Most of us are lucky enough to have some choices of different restaurants around. Many of us are even dining out on a daily basis. But while this is undoubtedly very convenient, it also has its challenges.
Not every new restaurant is a success.
We can visit the same place every day, safe in the knowledge that they know our name, our favorite foods and any allergies. Or we can branch out and try new restaurants, flavors and cuisines. We want to keep things interesting but I’m sure we’ve all had those experiences where we tried a new restaurant and promptly wished we’d gone to our go-to place instead. Food poisoning, bad service and a loud environment can all be the price we pay for trying somewhere new.
There are different ways on finding the right restaurants. Asking friends for recommendations often gives us new ideas, albeit not always practical ones. We don’t want to drive an hour each way to visit a particular friend’s favorite restaurant. And battle the traffic across town to make our reservation we’ve waited two months for; which can be tricky, if the policy of giving away tables is strict. And last but not least the taste of our friends don’t need to fit to ours.
In the end it is just all about quality.
Online recommendations may work better. Sites like TripAdviser and OpenTable all have a wealth of reviews and rankings. You can search for different criteria, such as cuisine, location and price range. Of course this can mean work, i.e. reading reviews for getting the real picture. And even then after checking different answers you can never be sure, how independent the comments are. In the end it is just all about quality.
Quality in restaurants – this is in general something very individual, depending on the experiences you made and the standard you are used to.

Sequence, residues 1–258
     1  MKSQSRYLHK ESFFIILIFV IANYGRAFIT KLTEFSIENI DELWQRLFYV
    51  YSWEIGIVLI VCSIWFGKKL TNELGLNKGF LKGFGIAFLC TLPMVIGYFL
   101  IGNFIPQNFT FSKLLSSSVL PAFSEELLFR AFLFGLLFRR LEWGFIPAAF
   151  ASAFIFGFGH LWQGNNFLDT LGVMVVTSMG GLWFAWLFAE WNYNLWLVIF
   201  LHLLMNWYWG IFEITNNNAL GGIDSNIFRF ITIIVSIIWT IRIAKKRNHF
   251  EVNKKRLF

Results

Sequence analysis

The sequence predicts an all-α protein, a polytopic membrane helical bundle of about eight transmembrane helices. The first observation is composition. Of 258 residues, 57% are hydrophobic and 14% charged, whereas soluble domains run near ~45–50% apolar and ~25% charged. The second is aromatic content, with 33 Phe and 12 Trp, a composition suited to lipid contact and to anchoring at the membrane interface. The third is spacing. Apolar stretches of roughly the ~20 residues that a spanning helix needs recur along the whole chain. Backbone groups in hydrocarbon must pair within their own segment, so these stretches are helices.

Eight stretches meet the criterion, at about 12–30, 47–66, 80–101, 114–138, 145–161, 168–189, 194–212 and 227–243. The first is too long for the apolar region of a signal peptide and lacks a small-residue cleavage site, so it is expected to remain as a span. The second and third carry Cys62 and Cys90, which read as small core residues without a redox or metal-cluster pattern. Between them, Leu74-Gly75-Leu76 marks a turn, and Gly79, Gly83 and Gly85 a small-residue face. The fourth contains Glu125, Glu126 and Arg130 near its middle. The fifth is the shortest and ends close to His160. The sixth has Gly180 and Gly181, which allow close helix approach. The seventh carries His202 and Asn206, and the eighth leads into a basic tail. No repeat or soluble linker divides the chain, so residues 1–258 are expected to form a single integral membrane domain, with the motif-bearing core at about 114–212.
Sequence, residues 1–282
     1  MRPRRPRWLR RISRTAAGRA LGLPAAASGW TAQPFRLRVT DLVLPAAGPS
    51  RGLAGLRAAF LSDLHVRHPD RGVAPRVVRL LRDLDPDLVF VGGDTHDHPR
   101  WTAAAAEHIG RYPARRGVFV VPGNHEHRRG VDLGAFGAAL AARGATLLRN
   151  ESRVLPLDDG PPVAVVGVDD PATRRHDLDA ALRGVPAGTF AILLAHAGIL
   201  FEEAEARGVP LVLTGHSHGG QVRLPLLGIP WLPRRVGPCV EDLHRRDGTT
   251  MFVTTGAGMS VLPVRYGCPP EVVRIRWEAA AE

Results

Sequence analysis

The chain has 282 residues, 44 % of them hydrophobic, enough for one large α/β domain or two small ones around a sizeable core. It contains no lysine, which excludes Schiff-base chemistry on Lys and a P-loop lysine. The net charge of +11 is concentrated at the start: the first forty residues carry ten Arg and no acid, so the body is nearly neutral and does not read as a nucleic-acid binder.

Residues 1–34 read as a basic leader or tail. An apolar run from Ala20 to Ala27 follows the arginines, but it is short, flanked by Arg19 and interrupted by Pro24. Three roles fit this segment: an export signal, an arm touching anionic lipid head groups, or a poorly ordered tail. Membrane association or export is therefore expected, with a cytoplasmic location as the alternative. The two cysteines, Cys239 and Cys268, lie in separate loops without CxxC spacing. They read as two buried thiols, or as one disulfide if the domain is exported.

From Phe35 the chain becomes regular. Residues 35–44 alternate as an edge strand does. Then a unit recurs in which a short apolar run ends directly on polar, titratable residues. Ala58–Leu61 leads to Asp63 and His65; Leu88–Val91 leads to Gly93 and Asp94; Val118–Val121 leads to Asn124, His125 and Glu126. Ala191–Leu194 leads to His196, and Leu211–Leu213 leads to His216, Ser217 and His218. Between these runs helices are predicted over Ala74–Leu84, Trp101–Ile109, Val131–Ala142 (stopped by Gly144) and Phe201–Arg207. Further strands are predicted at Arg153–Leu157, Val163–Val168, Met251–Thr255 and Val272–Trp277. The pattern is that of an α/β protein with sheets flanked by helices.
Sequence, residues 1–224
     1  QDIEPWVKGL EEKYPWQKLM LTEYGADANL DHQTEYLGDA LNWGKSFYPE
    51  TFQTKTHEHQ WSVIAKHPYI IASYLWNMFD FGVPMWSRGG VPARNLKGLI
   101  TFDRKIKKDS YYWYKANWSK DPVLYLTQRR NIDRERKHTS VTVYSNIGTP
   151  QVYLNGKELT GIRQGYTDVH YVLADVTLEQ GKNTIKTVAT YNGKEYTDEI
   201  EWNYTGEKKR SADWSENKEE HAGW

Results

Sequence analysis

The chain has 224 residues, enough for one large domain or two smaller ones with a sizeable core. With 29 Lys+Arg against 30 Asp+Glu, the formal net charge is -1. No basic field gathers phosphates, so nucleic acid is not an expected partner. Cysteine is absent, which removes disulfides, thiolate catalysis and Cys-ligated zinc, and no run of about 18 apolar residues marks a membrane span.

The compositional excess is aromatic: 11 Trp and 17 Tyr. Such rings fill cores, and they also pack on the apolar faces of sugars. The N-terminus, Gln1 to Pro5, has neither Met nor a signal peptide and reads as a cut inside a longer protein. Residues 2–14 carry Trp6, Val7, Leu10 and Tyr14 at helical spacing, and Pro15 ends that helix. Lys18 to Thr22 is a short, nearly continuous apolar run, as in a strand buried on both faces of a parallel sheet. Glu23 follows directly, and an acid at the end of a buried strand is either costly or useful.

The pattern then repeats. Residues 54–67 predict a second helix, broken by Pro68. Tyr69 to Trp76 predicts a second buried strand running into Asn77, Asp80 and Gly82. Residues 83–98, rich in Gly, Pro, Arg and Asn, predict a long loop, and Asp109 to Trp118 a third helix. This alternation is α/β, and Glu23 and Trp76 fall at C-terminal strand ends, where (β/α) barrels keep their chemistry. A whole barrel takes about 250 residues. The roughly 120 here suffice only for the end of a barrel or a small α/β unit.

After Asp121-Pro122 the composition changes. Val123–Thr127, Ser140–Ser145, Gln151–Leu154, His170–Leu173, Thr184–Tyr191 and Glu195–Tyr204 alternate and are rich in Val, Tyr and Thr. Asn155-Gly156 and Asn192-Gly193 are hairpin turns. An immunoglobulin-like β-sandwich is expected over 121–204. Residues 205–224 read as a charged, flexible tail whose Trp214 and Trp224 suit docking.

For me it means food in good quality, smell, taste and decoration, service, which is friendly, transparent, well trained and fast as well as a clean environment.
In a perfect world I’d know about the noise levels and the clientele, the friendliness of the staff, whether the portions are measly or generous, the tables are big or small, there’s Wi-Fi provision or not, if they cater to allergies or whether I’ll be treated like a ‘Harry and Sally’ fussy customer when I tell them what I am allowed to eat and what I must avoid.
But in total: Sustainability is the key for me. And that means:
if the food is seasonal, organic, fair traded and regional;
if the restaurant cares about water and energy consumption, recycling and waste avoidance and;
how the restaurant treats its employees, suppliers, guests and neighboring residents.
The Sustainable Restaurant Association, www.thesra.org, seems to be a good choice to find the right restaurant straight ahead. It offers addresses for sustainable restaurants in Great Britain and sets the standards.
Greentable offers now something similar, based on these standards for Germany: www.greentable.de. Who is interested in finding a really sustainable restaurant in Great Britain or Germany just needs to go on these websites and check them out.